Wow. Our experiment is off to a great start—let's see if we can finish it off sooner than expected.
The San Antonio Spurs confirmed today what was already clear: The NBA is, by far, the most progressive Big Four sports league when it comes to gender equity. The team announced the hiring of Becky Hammon, a six-time All-Star with the WNBA's San Antonio Stars, as an assistant coach. When the season tips off this fall, she'll be the first woman on the coaching bench in NBA history.
Women have held other (and less formal) jobs on NBA staffs before, but Hammon, 37, will become the first full-time female coach. It makes sense that the Spurs are at the forefront, given the recently crowned NBA champs' history of innovative, progressive leadership. (They lead the league in international players, for example.) And it further boosts a newsworthy summer for women in the NBA: In addition to Hammon's hiring, the basketball players' union named lawyer Michele Roberts as its executive director.
Notably, the Institute for Diversity and Ethics in Sport (TIDES) named the NBA the leading sports league for gender diversity in its annual report, adding that while women aren't as represented as they could be, the league still handily beat MLB and the NFL. Forty percent of the NBA's league office is staffed by women, helping it earn a B+ grade from TIDES. (The MLB and NFL got C+ and C grades, respectively.)
So why is basketball so far ahead of the other leagues? Slate's Amanda Hess suggests that it could be because, unlike football and baseball, women actually play basketball—and they're good at it. From the NCAA to the WNBA (which the NBA created in 1996) to the Olympics, we're used to seeing women like Hammon excel on the court. On the other hand, female engagement in the NFL stops at the sidelines, where cheerleaders are routinely degraded by team organizations.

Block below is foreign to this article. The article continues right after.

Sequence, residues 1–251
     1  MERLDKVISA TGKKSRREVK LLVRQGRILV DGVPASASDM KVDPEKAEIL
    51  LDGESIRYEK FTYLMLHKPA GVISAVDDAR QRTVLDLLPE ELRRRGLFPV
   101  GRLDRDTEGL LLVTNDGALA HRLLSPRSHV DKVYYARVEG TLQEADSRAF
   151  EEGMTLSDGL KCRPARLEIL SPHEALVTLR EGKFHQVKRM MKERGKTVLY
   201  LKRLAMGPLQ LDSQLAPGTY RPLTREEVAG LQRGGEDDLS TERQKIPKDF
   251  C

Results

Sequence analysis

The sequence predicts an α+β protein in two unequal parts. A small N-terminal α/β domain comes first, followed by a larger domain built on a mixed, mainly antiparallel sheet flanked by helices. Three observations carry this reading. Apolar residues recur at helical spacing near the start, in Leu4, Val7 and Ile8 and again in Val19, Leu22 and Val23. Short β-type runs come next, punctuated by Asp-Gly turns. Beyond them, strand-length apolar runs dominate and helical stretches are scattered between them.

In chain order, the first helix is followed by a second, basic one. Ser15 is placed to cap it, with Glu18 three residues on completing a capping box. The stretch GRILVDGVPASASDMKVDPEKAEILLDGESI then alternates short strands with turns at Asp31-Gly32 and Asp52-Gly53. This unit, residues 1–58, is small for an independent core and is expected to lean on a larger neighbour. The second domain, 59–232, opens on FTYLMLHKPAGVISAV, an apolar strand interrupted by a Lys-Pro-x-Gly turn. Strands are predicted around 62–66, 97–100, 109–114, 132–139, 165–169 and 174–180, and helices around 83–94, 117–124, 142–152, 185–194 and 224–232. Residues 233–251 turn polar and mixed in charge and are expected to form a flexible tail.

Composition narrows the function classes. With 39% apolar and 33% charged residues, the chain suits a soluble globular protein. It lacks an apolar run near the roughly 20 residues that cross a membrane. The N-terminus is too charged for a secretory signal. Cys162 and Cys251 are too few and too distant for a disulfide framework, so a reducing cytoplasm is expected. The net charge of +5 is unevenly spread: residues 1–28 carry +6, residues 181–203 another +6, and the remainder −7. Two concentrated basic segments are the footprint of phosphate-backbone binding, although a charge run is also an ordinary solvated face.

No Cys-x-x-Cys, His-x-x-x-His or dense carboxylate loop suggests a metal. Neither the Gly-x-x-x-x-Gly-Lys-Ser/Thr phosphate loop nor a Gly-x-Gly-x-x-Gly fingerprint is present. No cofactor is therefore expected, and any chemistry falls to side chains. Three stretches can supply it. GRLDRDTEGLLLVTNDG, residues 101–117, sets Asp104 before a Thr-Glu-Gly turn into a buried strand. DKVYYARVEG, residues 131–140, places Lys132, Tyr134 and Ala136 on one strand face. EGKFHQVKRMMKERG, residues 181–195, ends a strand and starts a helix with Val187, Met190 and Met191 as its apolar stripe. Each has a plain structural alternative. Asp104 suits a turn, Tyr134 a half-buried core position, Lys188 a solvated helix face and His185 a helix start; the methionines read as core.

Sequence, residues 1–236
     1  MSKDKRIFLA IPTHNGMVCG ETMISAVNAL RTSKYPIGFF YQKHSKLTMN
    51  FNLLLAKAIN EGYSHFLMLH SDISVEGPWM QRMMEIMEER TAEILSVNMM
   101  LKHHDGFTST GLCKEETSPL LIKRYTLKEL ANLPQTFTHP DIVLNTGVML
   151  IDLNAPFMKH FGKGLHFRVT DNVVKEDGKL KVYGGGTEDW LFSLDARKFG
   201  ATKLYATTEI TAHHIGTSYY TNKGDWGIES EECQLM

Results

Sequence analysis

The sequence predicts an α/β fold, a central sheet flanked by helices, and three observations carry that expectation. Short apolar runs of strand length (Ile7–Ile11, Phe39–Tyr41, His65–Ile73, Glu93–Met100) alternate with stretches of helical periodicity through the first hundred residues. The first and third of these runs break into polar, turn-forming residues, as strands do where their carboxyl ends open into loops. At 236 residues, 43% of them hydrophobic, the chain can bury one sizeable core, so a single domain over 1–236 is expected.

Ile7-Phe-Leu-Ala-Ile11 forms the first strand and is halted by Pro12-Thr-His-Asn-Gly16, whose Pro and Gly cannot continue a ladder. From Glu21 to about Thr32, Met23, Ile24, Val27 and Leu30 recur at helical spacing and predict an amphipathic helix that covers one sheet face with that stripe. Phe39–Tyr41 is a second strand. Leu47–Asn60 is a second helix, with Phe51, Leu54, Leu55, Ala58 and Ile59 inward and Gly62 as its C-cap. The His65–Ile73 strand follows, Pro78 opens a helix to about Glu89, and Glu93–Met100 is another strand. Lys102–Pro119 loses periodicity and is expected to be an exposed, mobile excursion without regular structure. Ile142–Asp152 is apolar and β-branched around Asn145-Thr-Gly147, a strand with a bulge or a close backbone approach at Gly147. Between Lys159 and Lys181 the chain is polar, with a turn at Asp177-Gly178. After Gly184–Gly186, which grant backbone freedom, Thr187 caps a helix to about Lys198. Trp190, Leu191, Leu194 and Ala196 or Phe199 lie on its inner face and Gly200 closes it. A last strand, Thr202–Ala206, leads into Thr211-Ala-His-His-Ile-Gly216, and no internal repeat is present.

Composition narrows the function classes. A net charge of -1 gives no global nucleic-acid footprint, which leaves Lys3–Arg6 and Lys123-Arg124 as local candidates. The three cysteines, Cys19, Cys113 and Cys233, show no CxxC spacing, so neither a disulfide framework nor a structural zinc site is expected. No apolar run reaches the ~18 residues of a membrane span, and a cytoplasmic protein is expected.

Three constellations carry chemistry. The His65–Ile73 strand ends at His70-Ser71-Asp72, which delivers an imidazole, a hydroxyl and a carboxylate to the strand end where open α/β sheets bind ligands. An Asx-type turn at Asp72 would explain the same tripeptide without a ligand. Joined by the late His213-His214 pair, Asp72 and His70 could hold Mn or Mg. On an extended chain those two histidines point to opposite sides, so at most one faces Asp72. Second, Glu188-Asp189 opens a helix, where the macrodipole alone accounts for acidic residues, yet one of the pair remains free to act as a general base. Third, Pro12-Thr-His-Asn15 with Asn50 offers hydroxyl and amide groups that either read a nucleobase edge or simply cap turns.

Hess also argues that part of the NBA's commitment to gender equity stems from the view of former commissioner David Stern, who was instrumental in shaping the league into the powerhouse it is today. Stern is a noted liberal, for one, but also a shrewd businessman; he figured that making women essential to the league would boost the its bottom line. To an extent, it did: Stern argued that the WNBA initiatives helped to expand the NBA's female audience, even though it still lags behind the NFL's.
Today's decision from the Spurs, however, seems to disregard any business calculus. The best candidate for the job was hired, and she's a woman.